As of 31 July, 2011, the city has an estimated population of 131,706 with 67,308 households and a population density of 541.71 persons per km². The total area is 243.13 km2. Although it is the largest city in Shiribeshi Subprefecture, the subprefecture's capital is the more centrally located Kutchan.
The city was an Ainu habitation, and the name "Otaru" is recognised as being of Ainu origin, possibly meaning "River running through the sandy beach". The very small remaining part of the Temiya Cave contains carvings from the Zoku-Jōmon period of Ainu history, around A.D. 400. Otaru was recognised as a village by the bakufu in 1865, and in 1880 the first railway line in Hokkaido was opened with daily service between Otaru and Sapporo.
An Imperial decree in July 1899 established Otaru as an open port for trading with the United States and the United Kingdom.
The city flourished well as the financial and business center in Hokkaido as well as the trade port with Japanese ruled southern Sakhalin until the 1920s. Otaru was redesignated as a city on August 1, 1922.
On December 26, 1924, a freight train loaded with 600 cases of dynamite exploded in Temiya Station, damaging the warehouse, the harbour facilities and the surrounding area. Local officials stated that at least 94 were killed and 200 injured in this disaster.
Since the 1950s, as the coal industry around the city went into a decline, the status of economic hub shifted from Otaru to Sapporo.
Otaru is a port town on the coast of the Sea of Japan in northern Shiribeshi Subprefecture. The southern portion of the city is characterized by the steep slopes of various mountains (notably Tenguyama), where the altitude of the land sharply drops from the mountains to the sea. The land available between the coast and mountains has been almost completely developed, and the developed part of the city on the mountain slopes is called Saka-no-machi, or "Hill town", including hills named Funamizaka (Boat-view Hill) and Jigokuzaka (Hell Hill).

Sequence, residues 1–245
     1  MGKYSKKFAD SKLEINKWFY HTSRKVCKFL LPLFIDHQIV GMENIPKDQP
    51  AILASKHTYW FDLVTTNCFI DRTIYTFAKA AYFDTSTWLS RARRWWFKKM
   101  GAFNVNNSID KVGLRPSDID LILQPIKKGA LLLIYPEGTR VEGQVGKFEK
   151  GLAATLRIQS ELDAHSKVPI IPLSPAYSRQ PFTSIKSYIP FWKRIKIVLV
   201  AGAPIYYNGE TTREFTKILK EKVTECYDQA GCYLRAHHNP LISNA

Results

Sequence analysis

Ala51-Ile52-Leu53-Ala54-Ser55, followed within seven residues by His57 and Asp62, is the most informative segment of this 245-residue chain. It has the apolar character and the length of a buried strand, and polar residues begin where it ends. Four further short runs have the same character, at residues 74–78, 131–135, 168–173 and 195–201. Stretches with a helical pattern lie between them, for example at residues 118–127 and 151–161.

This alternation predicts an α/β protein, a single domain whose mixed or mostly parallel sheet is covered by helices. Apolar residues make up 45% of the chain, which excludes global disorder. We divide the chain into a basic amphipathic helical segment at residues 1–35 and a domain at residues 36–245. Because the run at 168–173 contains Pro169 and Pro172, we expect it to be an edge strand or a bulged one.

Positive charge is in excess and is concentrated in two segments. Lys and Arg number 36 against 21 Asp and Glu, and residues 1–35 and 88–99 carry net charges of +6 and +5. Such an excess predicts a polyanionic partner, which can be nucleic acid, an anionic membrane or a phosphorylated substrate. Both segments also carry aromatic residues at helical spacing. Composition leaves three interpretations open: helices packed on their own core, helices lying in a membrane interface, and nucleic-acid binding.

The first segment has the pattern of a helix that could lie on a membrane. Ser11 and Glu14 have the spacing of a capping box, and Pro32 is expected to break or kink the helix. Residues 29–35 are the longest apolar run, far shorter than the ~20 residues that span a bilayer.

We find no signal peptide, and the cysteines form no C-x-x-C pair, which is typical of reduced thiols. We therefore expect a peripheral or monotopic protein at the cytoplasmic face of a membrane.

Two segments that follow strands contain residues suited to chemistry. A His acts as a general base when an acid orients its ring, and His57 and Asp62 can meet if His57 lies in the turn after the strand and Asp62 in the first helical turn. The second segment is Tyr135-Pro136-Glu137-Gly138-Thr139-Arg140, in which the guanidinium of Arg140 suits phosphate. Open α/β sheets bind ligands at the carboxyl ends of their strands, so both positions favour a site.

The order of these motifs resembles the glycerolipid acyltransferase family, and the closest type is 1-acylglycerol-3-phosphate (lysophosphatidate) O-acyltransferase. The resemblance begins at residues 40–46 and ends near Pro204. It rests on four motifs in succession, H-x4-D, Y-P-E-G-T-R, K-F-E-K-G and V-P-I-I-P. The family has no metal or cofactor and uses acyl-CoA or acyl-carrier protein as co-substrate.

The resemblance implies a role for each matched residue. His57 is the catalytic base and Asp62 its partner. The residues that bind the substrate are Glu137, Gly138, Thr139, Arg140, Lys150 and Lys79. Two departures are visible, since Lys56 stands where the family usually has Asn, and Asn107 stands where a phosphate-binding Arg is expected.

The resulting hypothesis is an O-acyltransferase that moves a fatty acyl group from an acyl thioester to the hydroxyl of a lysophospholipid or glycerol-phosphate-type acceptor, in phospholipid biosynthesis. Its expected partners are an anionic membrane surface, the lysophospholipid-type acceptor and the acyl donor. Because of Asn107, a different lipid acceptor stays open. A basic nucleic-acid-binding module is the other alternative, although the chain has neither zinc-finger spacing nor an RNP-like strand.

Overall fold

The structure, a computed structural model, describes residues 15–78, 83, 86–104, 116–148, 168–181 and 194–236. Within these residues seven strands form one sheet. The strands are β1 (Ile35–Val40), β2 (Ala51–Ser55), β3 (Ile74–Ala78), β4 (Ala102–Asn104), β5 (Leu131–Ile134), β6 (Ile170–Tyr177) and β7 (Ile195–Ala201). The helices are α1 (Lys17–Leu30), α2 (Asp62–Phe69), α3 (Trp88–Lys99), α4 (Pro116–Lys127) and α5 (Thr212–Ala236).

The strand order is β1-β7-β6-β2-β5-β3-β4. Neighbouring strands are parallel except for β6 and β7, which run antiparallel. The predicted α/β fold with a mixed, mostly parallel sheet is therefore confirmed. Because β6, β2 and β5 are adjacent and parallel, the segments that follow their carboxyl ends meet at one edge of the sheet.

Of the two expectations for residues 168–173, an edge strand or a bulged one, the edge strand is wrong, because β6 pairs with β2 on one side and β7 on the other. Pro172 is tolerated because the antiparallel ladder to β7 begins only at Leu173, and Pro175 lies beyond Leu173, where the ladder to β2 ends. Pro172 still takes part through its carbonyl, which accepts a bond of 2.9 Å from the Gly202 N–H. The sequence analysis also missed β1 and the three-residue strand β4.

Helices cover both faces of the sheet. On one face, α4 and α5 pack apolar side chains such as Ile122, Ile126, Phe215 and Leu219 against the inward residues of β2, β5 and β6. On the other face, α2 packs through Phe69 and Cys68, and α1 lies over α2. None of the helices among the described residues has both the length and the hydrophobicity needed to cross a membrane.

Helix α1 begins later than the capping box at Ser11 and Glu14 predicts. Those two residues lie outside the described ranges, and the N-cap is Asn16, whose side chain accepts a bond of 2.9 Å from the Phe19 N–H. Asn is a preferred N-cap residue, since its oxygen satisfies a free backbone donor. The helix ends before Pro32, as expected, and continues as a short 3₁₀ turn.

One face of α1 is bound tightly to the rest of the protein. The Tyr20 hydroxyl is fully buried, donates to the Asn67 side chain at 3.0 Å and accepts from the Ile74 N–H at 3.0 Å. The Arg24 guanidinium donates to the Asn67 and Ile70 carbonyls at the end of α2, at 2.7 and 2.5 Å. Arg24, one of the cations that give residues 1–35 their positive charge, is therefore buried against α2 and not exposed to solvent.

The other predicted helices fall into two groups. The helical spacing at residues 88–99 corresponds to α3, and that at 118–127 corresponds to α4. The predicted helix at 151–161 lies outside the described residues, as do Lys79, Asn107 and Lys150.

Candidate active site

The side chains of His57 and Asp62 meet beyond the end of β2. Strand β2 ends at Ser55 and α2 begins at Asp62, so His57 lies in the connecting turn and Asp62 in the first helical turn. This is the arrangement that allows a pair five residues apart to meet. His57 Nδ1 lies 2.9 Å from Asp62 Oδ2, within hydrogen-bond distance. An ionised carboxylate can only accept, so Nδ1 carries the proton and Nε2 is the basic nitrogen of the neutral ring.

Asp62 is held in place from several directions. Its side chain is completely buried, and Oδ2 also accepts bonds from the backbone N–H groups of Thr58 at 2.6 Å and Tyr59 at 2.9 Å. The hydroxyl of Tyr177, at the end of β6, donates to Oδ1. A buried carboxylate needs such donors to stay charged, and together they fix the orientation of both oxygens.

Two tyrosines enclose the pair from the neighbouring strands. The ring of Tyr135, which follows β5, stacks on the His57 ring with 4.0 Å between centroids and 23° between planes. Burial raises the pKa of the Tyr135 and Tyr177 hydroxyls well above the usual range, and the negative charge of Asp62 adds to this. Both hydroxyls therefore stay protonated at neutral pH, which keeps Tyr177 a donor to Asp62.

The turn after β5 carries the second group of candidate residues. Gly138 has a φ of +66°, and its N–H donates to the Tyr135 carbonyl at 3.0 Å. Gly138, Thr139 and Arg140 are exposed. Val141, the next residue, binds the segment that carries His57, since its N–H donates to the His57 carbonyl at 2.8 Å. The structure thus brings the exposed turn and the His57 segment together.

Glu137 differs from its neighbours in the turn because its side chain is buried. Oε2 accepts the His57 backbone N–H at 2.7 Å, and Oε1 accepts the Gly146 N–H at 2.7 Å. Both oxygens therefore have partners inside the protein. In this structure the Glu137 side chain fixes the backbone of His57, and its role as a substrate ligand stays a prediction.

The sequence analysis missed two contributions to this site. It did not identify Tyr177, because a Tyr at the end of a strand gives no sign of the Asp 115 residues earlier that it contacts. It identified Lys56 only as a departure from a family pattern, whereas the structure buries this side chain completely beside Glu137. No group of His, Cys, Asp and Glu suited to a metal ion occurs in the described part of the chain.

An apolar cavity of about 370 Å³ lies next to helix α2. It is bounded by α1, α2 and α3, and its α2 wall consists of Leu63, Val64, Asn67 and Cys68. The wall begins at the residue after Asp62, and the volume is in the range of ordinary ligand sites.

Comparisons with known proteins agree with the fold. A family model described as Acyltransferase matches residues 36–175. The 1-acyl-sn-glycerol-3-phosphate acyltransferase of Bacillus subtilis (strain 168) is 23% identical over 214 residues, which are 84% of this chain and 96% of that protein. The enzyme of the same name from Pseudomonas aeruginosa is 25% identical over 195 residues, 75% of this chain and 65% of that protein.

Some of the rivers in Otaru are: Hoshioki, Kiraichi, Zenibako, Hariusu, Asari, Katsunai, Shioya, Myoken, Irifune.
In the summer the weather, like all of western Hokkaido, is very warm and balmy, with a maximum temperature of around 25 °C (77 °F) and high humidity - not as hot as southern Japan. In the winter, however, Otaru is very snowy, receiving as much as 6.6 metres (260 in) of snow from November to March, when it snows almost constantly and sunshine levels are extremely low. The average maximum snow cover is 1.22 metres (48 in). Extreme temperatures have ranged from 34.9 °C (94.8 °F) on August 1, 2000 to −18.0 °C (−0.4 °F) on January 24, 1954, in which month the highest snowfall of 3.1 metres (122 in) occurred. Monthly precipitation totals in a record dating back to 1943 have ranged from 379.8 millimetres (15.0 in) in August 1962 to 12.0 millimetres (0.5 in) in June 2007.
A canal adorned with Victorian-style street lamps runs through Otaru. The city attracts a large number of Japanese tourists as well as Russian visitors.
A popular attraction on the west side of the city is Nishin Goten (herring mansion). This large wooden building was built in 1897 and was once the house of Fukumatsu Tanaka, a magnate of the herring fishing industry. It was originally built in nearby Tomari village and moved from there in 1958. Visitors can clearly see the difference between the squalid conditions of the first floor sleeping quarters of 120 workers and the ground floor luxury of the magnate’s rooms.
Another notable building is the Sakaushi residence, constructed by Yoshiya Tanoue, a pupil of Frank Lloyd Wright.
The Tomioka Catholic church is also a popular spot. Many of the buildings have been designated as landmark architecture
In the nearby village of Asarigawa Onsen and perched atop of Asari Ski Resort comes a new Boutique Resort catering for outdoor leisure activity. Currently under development by LENKEN, another Wisbey Brothers Build, scheduled for completion in 2018.
Otaru is well known for its beer, and Otaru Beer, next to the canal, is a popular restaurant with a medieval theme. Otaru is also known for the freshness of its sushi. The town also has substantial shopping arcades and bazaars, but fewer than nearby Sapporo.
Otaru's prominent industries are arts and crafts, such as studio glass and musical boxes.
Otaru is an important port for Sapporo, and part of this hilly city is on the lower slopes of Tenguyama, a good place for skiing and other winter sports and one that is accessible via Otaru Tenguyama Ropeway.